Alvin and the Chipmunks: Alvin Gets an A by Kirsten Mayer.  When the chipmunks have to write a school report on what they did on their summer vacation, Alvin is having trouble writing his, until his teacher suggests he present his report differently.

The Duckling Gets a Cookie by Mo Willems.  Pigeon is very angry when the duckling gets a cookie just by asking politely.

Dixie and the School Trip by Grace Gilman.  Sneaking onto the school bus when her human companion Emma embarks on a class trip to a dinosaur museum, Dixie the dog learns all about how real dinosaurs lived before accidentally mistaking dinosaur bones for doggie treats.

Jack and the Giant Barbecue by Eric Kimmel.  When Jack's mother tells him how his father died when a giant stole his barbecue recipes, Jack vows to find the giant and retrieve the book.

Come by your Library and check these out! 

Friday, August 10, 2012

Movie Lovers Unite!

I'm excited that our adult programs have enjoyed increased attendance and interest this summer, especially our movie events. We dreamed of Paris with Midnight in Paris, went on a great adventure with Sherlock Holmes: A Game of Shadows, and made ourselves really hungry watching the great Julie & Julia. Many people have asked me what is next. I have some movies in mind, but I would like to ask you what movies you would like.

Keep in mind that our movie license (yes, a license is required even for a nonprofit charging no admission!) is based on a list of titles on their website. Not every suggestion will pass the list test.

I really would like to hear from all you movie lovers out there:
  • What days/times would work best for you?
  • What genres?
  • Does anyone have suggestions for programs related to movies?
  • Do we want monthly movies? (I say yes!)
  • Do you have specific titles to request?
  • How about foreign films? Or do we want to stick with American-made films?
Later this month, Hunger Games will be released on DVD, and we'll be scheduling a movie event showcasing this very popular movie based on Suzanne Collins' best seller trilogy. These books
have been popular with our teen and adult patrons alike.

A really delightful film I saw in Baton Rouge will be out on DVD soon: The Best Exotic Marigold Hotel. Starring Judi Dench, Maggie Smith, Bill Nighy, and an outstanding supporting cast, it is a heartfelt romp by some of the greatest British actors of our time. I hope lots of you will join us at the Library for this outstanding film.

We'll be letting everyone know dates and times for these events, and expect to present movies roughly once a month.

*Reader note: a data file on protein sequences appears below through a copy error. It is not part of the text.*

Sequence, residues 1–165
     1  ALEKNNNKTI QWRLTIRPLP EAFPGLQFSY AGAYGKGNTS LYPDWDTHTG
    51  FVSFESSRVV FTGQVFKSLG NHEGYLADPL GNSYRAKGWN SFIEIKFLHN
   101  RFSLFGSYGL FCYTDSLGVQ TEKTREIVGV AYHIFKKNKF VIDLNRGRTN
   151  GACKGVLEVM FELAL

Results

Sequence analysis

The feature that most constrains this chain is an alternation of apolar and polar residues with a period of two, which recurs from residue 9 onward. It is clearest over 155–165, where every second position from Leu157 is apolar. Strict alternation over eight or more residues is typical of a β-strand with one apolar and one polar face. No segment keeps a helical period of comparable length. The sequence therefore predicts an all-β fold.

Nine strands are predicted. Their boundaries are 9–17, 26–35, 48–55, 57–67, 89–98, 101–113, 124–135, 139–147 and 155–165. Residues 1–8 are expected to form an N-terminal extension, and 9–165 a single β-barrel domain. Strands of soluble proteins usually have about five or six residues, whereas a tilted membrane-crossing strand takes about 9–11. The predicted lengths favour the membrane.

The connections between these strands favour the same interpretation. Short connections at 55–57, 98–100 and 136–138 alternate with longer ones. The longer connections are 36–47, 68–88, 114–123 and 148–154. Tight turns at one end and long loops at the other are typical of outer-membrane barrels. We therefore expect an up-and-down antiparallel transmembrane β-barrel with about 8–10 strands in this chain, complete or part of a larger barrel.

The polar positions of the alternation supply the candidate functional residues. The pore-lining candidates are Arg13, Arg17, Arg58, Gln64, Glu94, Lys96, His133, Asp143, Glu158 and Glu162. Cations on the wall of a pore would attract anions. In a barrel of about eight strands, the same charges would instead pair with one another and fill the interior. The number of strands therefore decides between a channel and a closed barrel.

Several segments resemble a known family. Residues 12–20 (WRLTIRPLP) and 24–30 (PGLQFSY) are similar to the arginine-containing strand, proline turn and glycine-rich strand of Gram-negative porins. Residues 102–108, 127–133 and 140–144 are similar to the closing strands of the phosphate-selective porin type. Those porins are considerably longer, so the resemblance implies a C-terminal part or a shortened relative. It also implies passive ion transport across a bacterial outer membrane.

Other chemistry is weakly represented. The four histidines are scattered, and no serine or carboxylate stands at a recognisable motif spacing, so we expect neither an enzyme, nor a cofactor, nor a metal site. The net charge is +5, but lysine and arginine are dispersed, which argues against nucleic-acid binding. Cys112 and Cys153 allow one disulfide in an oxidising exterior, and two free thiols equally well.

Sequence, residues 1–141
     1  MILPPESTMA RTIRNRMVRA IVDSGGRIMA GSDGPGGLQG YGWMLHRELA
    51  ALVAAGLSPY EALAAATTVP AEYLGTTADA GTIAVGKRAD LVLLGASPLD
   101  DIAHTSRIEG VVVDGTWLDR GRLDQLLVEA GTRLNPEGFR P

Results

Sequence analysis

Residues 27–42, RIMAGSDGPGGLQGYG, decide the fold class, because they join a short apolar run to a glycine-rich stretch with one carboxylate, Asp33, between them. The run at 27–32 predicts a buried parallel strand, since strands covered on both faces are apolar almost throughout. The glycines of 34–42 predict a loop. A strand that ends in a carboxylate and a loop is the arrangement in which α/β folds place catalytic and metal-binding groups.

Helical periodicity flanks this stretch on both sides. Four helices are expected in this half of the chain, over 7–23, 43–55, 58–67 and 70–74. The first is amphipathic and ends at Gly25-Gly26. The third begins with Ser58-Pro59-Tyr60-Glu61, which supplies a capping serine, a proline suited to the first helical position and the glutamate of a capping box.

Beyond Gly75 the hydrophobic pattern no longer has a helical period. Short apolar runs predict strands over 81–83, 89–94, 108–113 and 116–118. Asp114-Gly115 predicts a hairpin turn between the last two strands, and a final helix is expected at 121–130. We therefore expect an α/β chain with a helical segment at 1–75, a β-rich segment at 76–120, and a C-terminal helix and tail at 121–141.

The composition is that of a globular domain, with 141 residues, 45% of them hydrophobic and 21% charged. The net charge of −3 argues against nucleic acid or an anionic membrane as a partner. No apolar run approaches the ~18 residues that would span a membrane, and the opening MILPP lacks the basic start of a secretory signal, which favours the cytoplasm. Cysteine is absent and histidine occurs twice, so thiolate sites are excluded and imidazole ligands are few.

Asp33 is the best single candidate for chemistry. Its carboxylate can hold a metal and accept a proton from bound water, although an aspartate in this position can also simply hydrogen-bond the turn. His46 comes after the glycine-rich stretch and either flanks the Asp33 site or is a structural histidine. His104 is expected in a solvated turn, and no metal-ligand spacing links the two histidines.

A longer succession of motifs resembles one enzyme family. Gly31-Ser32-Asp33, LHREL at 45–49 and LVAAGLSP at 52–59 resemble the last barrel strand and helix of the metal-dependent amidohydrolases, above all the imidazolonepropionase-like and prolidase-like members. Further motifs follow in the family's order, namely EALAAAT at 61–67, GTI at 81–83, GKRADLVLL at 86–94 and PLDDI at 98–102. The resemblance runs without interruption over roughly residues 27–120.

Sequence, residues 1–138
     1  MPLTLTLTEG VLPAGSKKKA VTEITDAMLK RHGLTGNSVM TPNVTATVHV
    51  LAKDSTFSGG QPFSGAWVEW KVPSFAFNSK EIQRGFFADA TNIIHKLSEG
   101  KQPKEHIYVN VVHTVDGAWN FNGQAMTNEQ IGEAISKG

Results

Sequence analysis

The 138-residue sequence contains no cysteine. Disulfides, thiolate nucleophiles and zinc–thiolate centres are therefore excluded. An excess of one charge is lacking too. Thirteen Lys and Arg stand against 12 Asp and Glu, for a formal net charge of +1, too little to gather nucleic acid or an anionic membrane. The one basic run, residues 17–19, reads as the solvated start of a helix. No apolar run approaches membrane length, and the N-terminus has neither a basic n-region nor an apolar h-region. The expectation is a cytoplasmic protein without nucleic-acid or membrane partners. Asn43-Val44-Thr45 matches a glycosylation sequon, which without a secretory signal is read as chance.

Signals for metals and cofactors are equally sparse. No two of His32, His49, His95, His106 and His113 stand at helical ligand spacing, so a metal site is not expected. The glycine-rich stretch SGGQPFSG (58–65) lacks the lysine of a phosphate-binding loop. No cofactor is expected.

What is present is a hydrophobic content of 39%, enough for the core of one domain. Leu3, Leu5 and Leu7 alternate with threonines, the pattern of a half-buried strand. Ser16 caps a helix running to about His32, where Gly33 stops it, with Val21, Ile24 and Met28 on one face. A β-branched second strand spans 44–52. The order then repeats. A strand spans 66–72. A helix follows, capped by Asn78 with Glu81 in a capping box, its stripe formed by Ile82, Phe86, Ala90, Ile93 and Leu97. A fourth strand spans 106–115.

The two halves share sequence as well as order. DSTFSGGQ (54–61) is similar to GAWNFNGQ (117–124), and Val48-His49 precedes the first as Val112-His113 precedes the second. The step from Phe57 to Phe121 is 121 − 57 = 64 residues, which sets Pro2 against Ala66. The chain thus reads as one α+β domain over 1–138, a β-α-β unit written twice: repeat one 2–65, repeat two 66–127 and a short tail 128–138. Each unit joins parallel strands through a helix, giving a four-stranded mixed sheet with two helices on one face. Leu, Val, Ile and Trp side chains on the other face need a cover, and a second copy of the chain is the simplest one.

Please let me hear from you! Email or call at 601.445.8862 - or just drop by and see us.

See you at the movies!

Friday, August 3, 2012

Natchez Student Wins State Writing Award

The Armstrong Library wants to congratulate Courtney Sims, a 12th grade student from Natchez, who has taken top honors for this year’s Letters About Literature writing contest. Judges selected Sims’s letter to Romona “Sapphire” Fulton, author of Push, as the first place winner in the Level III competition for students in grades 9 though 12 in Mississippi. Sims’s winning letter advanced for national competition, where it made it to the national semifinals.
“I never imagined how my persona would be affected by Push,” wrote the seventeen year old reader. “This novel has shown me that I am blessed to be in the position I am in.”
Approximately 59,000 young readers across the country participated in this year’s Letters About Literature competition, a reading promotion program of the Center for the Book in the Library of Congress, presented in partnership with Target. In Mississippi, 500 students competed across all three competition levels.

To enter, young readers write a personal letter to an author explaining how his or her work changed their view of the world or themselves. Readers can select authors from any genre—fiction or nonfiction, contemporary or classic. The program has three competition levels: upper elementary, middle school, and secondary. The contest theme encourages young readers to explore his or her personal response to a book then express that response in a creative, original way.

Courtney graduated from Natchez High School this year and is attending Touglaoo College, majoring in chemistry.

Friday, July 20, 2012

Thank One, Thank All!

This years annual Summer Library Program proved to be a blast! All thanks to, well, me of course!! But no, seriously, it all had to do with many wonderful volunteers and special guest speakers from in and around our community!